France: Composite PMI ticks down in May amid protracted supply disruptions
The S&P Global Flash Purchasing Managers’ Index (PMI) fell to 57.1 in May from 57.5 in April. Despite the downtick, the index remained above the 50-threshold, signaling a milder improvement in business conditions from the previous month.
May’s weaker result was driven by softer expansions in both the services and manufacturing sectors. Although easing from the prior month, the services sector remained robust in the month, benefiting from relaxed pandemic-related curbs. In contrast, the manufacturing sector’s elevated price pressures led to softer overall demand as customers were dissuaded by the geopolitical uncertainty and global supply disruptions.
On the price front, these aforementioned supply-chain issues resulted in markedly higher input prices and output costs, with both marking the highest figures on record due to the war in Ukraine, shortage of components and higher prices for fuel and transport. This, in turn, led optimism to soften from April amid longer-than-expected supply delays and the ongoing Russian invasion.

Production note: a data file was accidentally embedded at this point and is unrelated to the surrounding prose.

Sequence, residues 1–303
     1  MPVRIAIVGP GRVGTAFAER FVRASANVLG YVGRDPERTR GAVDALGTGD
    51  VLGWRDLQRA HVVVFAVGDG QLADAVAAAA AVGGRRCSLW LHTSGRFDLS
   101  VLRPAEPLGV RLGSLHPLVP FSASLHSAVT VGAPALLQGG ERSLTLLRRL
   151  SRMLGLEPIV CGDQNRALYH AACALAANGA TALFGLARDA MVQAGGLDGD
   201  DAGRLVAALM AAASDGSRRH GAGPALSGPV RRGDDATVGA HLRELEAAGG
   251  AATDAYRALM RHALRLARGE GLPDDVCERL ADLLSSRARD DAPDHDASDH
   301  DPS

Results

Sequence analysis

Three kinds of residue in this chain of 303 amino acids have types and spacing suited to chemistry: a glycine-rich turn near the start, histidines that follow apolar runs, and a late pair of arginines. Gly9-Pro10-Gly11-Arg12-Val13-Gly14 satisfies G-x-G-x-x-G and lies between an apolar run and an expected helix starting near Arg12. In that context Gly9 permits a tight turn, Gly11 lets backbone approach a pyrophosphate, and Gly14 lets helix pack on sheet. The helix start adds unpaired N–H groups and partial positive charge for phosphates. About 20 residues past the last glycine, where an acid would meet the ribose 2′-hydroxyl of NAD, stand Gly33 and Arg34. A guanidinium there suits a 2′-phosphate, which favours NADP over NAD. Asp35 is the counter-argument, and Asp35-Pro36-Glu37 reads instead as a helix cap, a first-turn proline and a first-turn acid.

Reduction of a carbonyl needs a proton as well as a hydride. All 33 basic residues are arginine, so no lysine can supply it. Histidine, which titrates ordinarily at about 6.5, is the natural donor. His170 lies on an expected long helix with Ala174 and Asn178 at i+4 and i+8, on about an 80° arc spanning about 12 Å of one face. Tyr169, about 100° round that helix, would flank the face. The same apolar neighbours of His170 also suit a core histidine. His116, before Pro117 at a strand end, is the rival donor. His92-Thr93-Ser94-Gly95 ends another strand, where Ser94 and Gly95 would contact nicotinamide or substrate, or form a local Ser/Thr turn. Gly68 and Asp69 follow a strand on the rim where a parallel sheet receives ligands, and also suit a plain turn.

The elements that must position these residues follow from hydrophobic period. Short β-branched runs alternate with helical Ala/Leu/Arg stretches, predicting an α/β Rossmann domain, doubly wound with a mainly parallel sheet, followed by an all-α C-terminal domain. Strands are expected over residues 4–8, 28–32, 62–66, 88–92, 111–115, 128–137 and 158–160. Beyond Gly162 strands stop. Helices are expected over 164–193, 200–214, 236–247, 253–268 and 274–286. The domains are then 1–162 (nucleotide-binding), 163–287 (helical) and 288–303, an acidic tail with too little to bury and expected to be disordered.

Commenting on the May’s release, Joe Hayes, Senior Economist at S&P Global, noted:
“The French economy is showcasing a remarkable degree of resilience amid mounting economic headwinds. […] According to our panel members, businesses, particularly in the service sector, enjoyed another boost to their order books as a result of the removal of pandemic restrictions in recent months. The picture is more gloomy on the manufacturing side of France. As well as sustained supply-chain pressures and challenging conditions for exporters, rapid inflation is dissuading clients from placing orders. […] As a result, we saw further evidence of a two-speed economy emerging within France as a resilient service sector continues to mask sluggishness across the manufacturing industry.”